Judge Berger concurred in result only, stating that “anyone interested in efficiencies and saving taxpayer dollars should hope the Supreme Court of North Carolina takes advantage of this opportunity to return us to the plain language of [G.S.] 15A-1444(a2).”

Judge Tyson dissented, expressing the view that because of the defendant’s various “jurisdictional failures and criminal, civil, and appellate rules violations” he had failed to invoke the jurisdiction of the court, as well as the view that the defendant’s petition for certiorari should have been denied for lacking merit.  Judge Tyson agreed with Judge Berger’s hope that the state supreme court would “return us to the plain language of [G.S.] 15A-1444(a2).”

(1) In this case where the defendant pleaded guilty to felony speeding to elude arrest pursuant to a plea arrangement, he had no statutory right to appeal.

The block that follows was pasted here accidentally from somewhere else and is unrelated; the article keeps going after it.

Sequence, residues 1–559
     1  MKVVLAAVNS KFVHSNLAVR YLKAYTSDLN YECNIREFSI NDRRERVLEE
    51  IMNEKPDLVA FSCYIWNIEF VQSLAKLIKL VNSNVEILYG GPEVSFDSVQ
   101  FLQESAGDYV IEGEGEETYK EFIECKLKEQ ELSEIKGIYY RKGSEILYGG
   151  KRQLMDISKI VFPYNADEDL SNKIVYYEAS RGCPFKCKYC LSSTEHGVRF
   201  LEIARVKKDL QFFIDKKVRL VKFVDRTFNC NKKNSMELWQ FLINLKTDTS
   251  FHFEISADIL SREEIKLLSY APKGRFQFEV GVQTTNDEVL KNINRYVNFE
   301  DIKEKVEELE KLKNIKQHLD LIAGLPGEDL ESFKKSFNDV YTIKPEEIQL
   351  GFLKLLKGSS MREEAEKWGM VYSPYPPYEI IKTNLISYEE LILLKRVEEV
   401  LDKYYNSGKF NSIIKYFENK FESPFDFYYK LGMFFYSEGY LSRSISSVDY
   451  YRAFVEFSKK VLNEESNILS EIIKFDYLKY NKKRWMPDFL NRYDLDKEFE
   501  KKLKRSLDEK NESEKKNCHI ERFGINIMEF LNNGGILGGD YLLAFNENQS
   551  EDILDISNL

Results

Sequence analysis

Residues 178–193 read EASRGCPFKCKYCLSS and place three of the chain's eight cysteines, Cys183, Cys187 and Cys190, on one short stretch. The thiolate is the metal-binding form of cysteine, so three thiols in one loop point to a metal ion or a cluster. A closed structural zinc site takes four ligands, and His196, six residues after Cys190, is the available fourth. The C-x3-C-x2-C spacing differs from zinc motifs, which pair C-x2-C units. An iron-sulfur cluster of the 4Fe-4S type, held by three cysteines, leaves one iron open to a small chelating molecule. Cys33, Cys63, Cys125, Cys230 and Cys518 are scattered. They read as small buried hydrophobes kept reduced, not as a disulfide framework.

(2) However, the court considered the defendant’s petition for writ of certiorari which argued that he did not receive notice and an opportunity to be heard on the amount of attorney’s fees and costs. The court noted that a criminal defendant may file a petition for a writ of certiorari to appeal a civil judgment for attorney’s fees and costs. Here, after the defendant pleaded guilty to felony speeding to elude arrest he was sentenced and the trial court ordered him to pay court costs in the amount of $1,572.50. Before entering monetary judgments against indigent defendants for fees imposed for court appointed counsel, the trial court should ask defendants personally whether they wish to be heard on the issue. Absent a colloquy directly with the defendant, the requirements of notice and opportunity to be heard will be satisfied only if there is other evidence in the record demonstrating that the defendant received notice, was aware of the opportunity to be heard, and chose not to be heard. Here, nothing in the record indicated that the defendant understood he had a right to be heard on the issue, and the trial court did not inform him of that right. The court thus vacated the civil judgment for attorney’s fees and remanded to the trial court.